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In The Community // November 10, 2015 MAAC Staff

Making Time to Remember Our Veterans

Veterans Day is on November 11 each year. It’s an important day because it gives an opportunity to honor the men and women who have served in the Armed Forces. These are the people who have dedicated themselves not just to protecting our country, as we are often reminded, but also to engage in rescue operations, engineering projects, humanitarian efforts, and peacekeeping missions, among other things.

When we think about veterans who have put themselves in harm’s way, a lot of people immediately think about the harsh and deadly conditions of combat. While such is certainly the case for many veterans, there are also many ways in which veterans have been exposed to harmful conditions outside of combat as well. We wanted to make note of some of those ways on this day of honoring and remembering our veterans.

Asbestos & Toxic Substances

Military personnel are often required to work with substances that are more dangerous than the average person ever comes into contact with. This includes any number of toxic materials, from deadly chemicals and solvents to petroleum-based fuels to even radioactive materials.

One of the most deadly materials used by military personnel is asbestos. Found in shipyards of both the U.S. Navy and the U.S. Coast Guard, asbestos is often used as a way to prevent fire from spreading aboard ships. However, as the only known cause of mesothelioma, asbestos exposure has led to a rash of deaths in veterans who once worked in these shipyards.

All in all, the Environmental Protection Agency (EPA) lists more than 860 military-related locations that are considered Superfund sites. These include facilities controlled by the five military branches, the Department of Defense, the National Guard and the Veterans Administration. Such a high number of Superfund sites shows how dangerous military work is even outside of combat.

Accidents

While it seems that over the last couple decades military accidents have been decreasing as a greater emphasis has been put on safety, there is no doubt that such accidents are still incredibly common. According to a 2010 medical study, injuries are the leading cause of medical incidents among military personnel. Common injuries included everything from sprains and fractures to falls and vehicle “mishaps,” the study found.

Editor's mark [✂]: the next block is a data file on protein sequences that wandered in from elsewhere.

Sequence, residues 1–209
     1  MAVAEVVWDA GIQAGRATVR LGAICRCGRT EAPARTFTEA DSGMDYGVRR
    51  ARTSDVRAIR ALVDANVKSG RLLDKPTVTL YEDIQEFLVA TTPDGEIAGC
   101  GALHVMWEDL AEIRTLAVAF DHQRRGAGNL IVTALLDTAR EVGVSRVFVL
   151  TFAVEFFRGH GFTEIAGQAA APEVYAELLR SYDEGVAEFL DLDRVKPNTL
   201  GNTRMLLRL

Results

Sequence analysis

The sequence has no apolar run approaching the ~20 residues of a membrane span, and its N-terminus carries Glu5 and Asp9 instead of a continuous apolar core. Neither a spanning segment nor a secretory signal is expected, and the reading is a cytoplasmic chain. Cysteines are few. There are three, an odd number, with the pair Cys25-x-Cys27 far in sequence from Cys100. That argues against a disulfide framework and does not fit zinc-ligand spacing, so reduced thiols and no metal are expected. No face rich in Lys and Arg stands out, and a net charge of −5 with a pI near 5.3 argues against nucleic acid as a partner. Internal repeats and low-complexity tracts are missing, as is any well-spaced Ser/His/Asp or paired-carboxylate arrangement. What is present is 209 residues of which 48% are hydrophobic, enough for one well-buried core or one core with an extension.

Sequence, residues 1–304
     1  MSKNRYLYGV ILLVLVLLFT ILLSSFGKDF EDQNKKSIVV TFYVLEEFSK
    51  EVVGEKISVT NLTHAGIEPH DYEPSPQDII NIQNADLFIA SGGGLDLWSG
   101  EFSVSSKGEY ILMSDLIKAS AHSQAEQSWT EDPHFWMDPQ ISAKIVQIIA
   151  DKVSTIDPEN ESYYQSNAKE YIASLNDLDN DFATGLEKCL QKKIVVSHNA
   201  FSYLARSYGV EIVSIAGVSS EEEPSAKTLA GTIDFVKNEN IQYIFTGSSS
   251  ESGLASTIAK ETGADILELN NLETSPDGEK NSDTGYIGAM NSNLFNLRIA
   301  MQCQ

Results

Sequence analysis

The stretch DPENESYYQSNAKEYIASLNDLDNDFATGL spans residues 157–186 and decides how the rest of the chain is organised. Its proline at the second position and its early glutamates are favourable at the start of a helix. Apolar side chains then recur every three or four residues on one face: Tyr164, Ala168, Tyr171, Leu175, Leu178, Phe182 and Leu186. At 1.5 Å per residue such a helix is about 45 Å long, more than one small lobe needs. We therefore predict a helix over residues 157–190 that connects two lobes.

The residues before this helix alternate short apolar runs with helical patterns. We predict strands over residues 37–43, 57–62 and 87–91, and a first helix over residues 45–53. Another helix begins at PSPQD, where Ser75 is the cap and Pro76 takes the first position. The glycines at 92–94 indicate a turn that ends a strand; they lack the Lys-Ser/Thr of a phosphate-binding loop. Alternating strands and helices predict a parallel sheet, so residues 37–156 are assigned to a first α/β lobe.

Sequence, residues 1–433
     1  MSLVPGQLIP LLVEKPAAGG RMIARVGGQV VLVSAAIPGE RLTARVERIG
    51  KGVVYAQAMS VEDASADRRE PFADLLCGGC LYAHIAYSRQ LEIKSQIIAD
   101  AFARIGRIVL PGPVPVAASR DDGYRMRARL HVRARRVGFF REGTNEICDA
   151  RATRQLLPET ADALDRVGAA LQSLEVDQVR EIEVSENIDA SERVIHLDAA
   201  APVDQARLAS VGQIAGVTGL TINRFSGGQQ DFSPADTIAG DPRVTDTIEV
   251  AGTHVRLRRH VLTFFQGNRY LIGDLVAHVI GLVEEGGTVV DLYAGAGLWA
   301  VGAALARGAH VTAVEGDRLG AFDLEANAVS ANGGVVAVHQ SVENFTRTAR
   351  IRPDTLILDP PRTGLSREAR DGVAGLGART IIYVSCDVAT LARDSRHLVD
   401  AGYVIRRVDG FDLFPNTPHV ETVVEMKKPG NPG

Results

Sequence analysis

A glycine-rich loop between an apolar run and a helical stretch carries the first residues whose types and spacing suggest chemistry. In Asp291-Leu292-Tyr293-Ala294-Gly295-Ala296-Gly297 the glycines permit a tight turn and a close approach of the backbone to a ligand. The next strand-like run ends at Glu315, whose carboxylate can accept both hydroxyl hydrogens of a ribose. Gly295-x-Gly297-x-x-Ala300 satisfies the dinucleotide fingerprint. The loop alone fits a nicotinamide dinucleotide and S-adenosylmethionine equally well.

Even when such accidents and injuries don’t lead to death, they can affect the quality of life for veterans for the rest of their lives. Accidents during training, exercises, or other job-related functions can cause medical problems well down the road, leaving veterans with issues such as limited mobility, organ failures, and possibly even permanent disability.

VA Hospitals

Sadly, one of the biggest issues many veterans and their families face today is finding the appropriate level of care for their medical problems. In recent years, the VA Hospital system has been plagued with political scandal, increased bureaucratization, and reduced levels of care, while the veterans that the hospitals meant to serve wait as long as 90 days or more to receive necessary treatments.

In fact, the problem is so bad that in September this year, the Veterans Health Administration issued a report indicating that 307,000 veterans may have died while waiting for the administration to process their paperwork. Not only is it bad enough that veterans are exposed to dangers while on the job, but many are basically ignored while waiting to receive treatment for conditions caused by those very dangers.

The issue of veterans’ health is one that has been taken up by some of the presidential candidates. Hopefully, regardless of party, politicians will soon recognize that taking care of the veterans who have been put in harm’s way throughout their military is one of the most important things we can do as a country.

Remembering Veterans Today

While each of us might not be able to change the conditions that military personnel face on a daily basis, or improve the bureaucratic problems of the Veterans Health Administration, there are some things you can do to help:

Talk to the veterans you know or meet and tell them you appreciate what they’ve done.

  • Visit a VA Hospital or clinic and get to know some of the veterans who are being treated there.
  • Spread the word about the dangers that military personnel and veterans face due to hazards like asbestos, toxic substances, and injuries.
  • Express your concerns to your congressional representatives.

Taking part in activities like these will help us make sure that we always remember the veterans who have given so much of themselves for others.